2018/05/30: unlike even the most property-friendly founders Alexander Hamilton and James Madison, Buchanan wanted a private governing elite of corporate power that was wholly released from public accountability.
Suppressing voting, changing legislative processes so that a normal majority could no longer prevail, sowing public distrust of government institutions— all these were tactics toward the goal. But the Holy Grail was the Constitution: alter it and you could increase and secure the power of the wealthy in a way that no politician could ever challenge.
MacLean argues that despite the rhetoric of Virginia school acolytes, shrinking big government is not really the point. The oligarchs require a government with tremendous new powers so that they can bypass the will of the people. This, as MacLean points out, requires greatly expanding police powers “to control the resultant popular anger.” The spreading use of pre-emption by GOP-controlled state legislatures to suppress local progressive victories such as living wage ordinances is another example of the right’s aggressive use of state power.
Could these right-wing capitalists allow private companies to fill prisons with helpless citizens—or, more profitable still, right-less undocumented immigrants? They could, and have. Might they engineer a retirement crisis by moving Americans to inadequate 401(k)s? Done. Take away the rights of consumers and workers to bring grievances to court by making them sign forced arbitration agreements? Check. Gut public education to the point where ordinary people have such bleak prospects that they have no energy to fight back? Getting it done.
Would they even refuse children clean water? Actually, yes.
MacLean notes that in Flint, Michigan, Americans got a taste of what the emerging oligarchy will look like — it tastes like poisoned water. There, the Koch-funded Mackinac Center pushed for legislation that would allow the governor to take control of communities facing emergency and put unelected managers in charge. In Flint, one such manager switched the city’s water supply to a polluted river, but the Mackinac Center’s lobbyists ensured that the law was fortified by protections against lawsuits that poisoned inhabitants might bring. Tens of thousands of children were exposed to lead, a substance known to cause serious health problems including brain damage.
Tyler Cowen has provided an economic justification for this kind of brutality, stating that where it is difficult to get clean water, private companies should take over and make people pay for it. “This includes giving them the right to cut off people who don’t—or can’t—pay their bills,” the economist explains.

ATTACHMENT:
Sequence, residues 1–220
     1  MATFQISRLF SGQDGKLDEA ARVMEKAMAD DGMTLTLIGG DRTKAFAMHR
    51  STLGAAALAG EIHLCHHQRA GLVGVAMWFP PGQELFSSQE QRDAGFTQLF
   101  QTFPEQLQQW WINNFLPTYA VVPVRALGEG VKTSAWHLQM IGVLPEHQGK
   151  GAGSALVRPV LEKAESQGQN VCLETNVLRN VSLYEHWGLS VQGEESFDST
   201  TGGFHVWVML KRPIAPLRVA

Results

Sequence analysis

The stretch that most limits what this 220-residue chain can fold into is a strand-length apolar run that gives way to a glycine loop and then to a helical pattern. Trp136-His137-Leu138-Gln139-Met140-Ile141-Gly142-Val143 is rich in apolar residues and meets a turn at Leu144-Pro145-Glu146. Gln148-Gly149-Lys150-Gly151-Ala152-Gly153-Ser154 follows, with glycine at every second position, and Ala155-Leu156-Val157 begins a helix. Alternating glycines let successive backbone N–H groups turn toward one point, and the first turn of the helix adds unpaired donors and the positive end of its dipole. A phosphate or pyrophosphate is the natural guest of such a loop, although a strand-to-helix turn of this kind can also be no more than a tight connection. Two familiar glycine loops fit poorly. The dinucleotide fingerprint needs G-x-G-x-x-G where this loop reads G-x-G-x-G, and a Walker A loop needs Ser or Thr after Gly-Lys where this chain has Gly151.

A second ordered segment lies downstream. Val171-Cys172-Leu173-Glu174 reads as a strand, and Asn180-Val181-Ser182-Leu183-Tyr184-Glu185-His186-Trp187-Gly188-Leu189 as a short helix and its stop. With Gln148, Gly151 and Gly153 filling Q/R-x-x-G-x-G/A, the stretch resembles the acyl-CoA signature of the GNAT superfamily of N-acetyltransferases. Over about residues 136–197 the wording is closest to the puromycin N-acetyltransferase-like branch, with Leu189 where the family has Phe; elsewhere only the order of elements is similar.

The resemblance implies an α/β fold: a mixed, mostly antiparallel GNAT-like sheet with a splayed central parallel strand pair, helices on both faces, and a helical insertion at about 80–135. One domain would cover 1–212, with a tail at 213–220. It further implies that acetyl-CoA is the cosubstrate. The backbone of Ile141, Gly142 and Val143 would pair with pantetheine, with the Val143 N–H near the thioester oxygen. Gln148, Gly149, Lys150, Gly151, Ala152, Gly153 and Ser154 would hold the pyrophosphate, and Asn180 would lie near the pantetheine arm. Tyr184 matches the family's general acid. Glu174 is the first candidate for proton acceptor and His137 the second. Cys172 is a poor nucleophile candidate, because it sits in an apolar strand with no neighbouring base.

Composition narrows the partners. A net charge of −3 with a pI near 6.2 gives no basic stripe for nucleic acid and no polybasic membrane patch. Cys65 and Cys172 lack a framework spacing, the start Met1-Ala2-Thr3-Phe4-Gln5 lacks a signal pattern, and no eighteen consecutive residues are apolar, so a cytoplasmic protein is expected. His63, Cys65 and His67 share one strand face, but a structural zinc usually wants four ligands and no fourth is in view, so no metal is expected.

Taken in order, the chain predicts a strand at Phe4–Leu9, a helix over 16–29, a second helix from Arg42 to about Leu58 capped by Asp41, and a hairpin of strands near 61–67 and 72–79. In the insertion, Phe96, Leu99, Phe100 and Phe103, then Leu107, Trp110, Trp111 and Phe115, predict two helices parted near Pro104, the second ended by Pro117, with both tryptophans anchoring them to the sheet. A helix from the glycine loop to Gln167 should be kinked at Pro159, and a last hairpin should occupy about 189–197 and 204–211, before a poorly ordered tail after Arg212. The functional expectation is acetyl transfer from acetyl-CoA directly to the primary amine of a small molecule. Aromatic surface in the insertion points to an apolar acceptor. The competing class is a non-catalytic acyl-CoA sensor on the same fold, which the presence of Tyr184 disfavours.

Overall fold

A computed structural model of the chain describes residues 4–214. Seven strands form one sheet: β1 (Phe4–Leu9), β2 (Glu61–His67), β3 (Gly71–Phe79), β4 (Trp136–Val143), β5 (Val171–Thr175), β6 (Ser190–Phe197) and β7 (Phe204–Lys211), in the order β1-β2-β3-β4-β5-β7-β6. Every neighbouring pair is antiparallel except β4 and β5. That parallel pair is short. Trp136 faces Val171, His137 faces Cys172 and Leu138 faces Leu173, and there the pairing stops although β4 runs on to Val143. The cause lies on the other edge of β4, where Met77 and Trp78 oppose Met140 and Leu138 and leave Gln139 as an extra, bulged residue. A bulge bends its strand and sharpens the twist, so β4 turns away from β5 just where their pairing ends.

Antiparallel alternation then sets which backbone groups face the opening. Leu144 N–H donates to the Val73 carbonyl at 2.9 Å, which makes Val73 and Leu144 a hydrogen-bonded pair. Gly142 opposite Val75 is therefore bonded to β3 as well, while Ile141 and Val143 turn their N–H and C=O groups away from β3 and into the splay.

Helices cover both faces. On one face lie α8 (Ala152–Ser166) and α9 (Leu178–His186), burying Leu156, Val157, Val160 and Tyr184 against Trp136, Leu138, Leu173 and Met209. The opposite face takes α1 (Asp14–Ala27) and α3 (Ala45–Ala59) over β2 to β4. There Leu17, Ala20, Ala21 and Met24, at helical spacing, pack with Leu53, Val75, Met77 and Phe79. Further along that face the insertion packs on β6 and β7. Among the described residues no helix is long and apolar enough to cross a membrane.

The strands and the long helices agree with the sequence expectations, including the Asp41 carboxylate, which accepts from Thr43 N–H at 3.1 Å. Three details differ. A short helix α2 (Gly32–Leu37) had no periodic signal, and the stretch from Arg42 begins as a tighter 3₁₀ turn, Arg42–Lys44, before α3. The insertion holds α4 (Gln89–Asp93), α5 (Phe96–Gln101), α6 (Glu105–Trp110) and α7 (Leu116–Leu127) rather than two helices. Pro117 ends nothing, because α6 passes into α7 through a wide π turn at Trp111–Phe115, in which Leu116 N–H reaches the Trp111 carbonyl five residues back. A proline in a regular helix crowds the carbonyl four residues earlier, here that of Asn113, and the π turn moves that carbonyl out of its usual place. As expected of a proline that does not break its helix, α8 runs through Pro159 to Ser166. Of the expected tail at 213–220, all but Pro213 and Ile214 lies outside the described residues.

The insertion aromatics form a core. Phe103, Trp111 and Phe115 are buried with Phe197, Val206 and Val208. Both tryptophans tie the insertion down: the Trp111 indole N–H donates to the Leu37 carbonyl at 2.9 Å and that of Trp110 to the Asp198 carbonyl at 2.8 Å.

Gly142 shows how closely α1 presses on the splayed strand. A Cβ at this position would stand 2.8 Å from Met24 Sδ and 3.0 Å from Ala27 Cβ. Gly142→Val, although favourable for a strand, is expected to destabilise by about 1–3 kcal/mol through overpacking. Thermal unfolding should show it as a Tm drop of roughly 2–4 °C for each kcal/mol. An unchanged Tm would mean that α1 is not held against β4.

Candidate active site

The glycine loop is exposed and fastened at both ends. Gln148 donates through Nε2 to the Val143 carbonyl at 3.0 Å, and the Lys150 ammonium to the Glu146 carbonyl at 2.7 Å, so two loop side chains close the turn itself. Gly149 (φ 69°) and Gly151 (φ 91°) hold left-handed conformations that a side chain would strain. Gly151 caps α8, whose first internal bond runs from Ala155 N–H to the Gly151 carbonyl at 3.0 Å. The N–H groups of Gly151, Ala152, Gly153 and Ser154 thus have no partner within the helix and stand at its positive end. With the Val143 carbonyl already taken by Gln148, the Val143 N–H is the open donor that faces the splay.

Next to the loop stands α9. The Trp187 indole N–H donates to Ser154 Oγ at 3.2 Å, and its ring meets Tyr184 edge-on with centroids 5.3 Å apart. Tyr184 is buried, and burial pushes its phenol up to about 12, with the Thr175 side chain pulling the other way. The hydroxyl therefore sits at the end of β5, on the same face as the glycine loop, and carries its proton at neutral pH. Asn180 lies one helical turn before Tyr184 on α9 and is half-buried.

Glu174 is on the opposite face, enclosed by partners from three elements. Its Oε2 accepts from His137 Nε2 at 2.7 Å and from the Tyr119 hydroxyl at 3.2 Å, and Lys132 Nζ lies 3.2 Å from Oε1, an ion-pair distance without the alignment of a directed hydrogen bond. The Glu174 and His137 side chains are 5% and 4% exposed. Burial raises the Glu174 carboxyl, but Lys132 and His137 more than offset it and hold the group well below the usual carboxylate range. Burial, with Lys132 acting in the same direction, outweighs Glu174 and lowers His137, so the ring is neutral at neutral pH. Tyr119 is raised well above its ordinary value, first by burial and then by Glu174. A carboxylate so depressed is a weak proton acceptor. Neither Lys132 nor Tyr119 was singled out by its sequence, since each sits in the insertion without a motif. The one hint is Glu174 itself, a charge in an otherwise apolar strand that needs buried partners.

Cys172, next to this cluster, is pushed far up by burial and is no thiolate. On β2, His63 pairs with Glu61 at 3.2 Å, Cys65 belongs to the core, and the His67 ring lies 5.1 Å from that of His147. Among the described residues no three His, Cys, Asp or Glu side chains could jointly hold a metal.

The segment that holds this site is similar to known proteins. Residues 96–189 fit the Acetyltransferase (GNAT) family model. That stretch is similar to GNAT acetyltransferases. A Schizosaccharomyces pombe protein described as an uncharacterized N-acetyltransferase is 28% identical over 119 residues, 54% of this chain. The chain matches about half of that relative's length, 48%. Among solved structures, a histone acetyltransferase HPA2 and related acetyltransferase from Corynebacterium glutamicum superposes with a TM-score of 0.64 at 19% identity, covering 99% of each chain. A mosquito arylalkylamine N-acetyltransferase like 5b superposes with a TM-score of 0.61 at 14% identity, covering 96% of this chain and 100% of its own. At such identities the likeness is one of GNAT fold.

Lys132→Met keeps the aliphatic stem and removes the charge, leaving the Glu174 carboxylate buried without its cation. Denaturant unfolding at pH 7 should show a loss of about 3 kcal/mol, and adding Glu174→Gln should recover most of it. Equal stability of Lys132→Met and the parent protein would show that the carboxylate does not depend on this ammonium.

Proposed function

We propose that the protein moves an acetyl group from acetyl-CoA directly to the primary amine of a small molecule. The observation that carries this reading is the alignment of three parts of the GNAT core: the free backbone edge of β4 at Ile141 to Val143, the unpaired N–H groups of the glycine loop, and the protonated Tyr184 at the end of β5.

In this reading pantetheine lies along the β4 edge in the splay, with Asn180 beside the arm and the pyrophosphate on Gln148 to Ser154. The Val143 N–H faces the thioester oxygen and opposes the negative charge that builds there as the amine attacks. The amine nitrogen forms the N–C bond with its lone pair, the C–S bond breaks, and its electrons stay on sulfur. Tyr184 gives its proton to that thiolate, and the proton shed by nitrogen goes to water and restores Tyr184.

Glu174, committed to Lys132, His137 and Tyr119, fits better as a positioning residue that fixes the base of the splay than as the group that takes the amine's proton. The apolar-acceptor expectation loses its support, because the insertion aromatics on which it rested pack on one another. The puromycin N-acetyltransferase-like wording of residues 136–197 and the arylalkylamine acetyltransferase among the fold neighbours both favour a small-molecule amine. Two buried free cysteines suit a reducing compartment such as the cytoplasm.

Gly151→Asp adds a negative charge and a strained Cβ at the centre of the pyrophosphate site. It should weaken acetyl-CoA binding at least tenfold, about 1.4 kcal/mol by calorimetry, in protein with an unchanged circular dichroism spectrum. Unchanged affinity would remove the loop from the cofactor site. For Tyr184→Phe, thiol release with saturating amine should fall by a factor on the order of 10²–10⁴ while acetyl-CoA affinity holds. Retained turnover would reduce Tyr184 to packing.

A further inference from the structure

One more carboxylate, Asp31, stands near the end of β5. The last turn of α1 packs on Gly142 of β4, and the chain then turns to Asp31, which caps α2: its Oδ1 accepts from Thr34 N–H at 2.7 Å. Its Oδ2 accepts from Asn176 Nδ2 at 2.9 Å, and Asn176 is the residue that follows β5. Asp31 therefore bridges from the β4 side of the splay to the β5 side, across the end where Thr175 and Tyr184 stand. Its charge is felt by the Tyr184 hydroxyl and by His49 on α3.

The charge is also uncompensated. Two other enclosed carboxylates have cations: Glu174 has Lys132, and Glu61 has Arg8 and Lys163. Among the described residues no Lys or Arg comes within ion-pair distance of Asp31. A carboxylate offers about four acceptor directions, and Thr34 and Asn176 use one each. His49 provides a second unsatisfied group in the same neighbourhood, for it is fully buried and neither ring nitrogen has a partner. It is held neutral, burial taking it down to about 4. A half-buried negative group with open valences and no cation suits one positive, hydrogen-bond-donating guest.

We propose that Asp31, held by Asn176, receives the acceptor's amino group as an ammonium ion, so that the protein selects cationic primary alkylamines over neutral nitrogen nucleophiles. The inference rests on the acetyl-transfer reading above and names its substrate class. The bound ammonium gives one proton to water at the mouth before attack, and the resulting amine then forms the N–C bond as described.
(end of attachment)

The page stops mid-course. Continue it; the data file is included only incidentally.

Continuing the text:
To many this sounds grotesquely inhumane, but it is a way of thinking that has deep roots in America. In Why I, Too, Am Not a Conservative (2005), Buchanan considers the charge of heartlessness made against the kind of classic liberal that he took himself to be. MacLean interprets his discussion to mean that people who “failed to foresee and save money for their future needs” are to be treated, as Buchanan put it, “as subordinate members of the species, akin to…animals who are dependent.’”
Buchanan, a 1940 graduate of Middle Tennessee State University who later attended the University of Chicago for graduate study, started out as a conventional public finance economist. But he grew frustrated by the way in which economic theorists ignored the political process.
Buchanan began working on a description of power that started out as a critique of how institutions functioned in the relatively liberal 1950s and ‘60s, a time when economist John Maynard Keynes’s ideas about the need for government intervention in markets to protect people from flaws so clearly demonstrated in the Great Depression held sway. Buchanan, MacLean notes, was incensed at what he saw as a move toward socialism and deeply suspicious of any form of state action that channels resources to the public. Why should the increasingly powerful federal government be able to force the wealthy to pay for goods and programs that served ordinary citizens and the poor?
In thinking about how people make political decisions and choices, Buchanan concluded that you could only understand them as individuals seeking personal advantage. In an interview cited by MacLean, the economist observed that in the 1950s Americans commonly assumed that elected officials wanted to act in the public interest. Buchanan vehemently disagreed — that was a belief he wanted, as he put it, to “tear down.” His ideas developed into a theory that came to be known as “public choice.”
Buchanan’s view of human nature was distinctly dismal. Adam Smith saw human beings as self-interested and hungry for personal power and material comfort, but he also acknowledged social instincts like compassion and fairness. Buchanan, in contrast, insisted that people were primarily driven by venal self-interest. Crediting people with altruism or a desire to serve others was “romantic” fantasy: politicians and government workers were out for themselves, and so, for that matter, were teachers, doctors, and civil rights activists. They wanted to control others and wrest away their resources: “Each person seeks mastery over a world of slaves,” he wrote in his 1975 book, The Limits of Liberty.
Does that sound like your kindergarten teacher? It did to Buchanan.
The people who needed protection were property owners, and their rights could only be secured though constitutional limits to prevent the majority of voters from encroaching on them, an idea Buchanan lays out in works like Property as a Guarantor of Liberty (1993). MacLean observes that Buchanan saw society as a cutthroat realm of makers (entrepreneurs) constantly under siege by takers (everybody else) His own language was often more stark, warning the alleged “prey” of “parasites” and “predators” out to fleece them.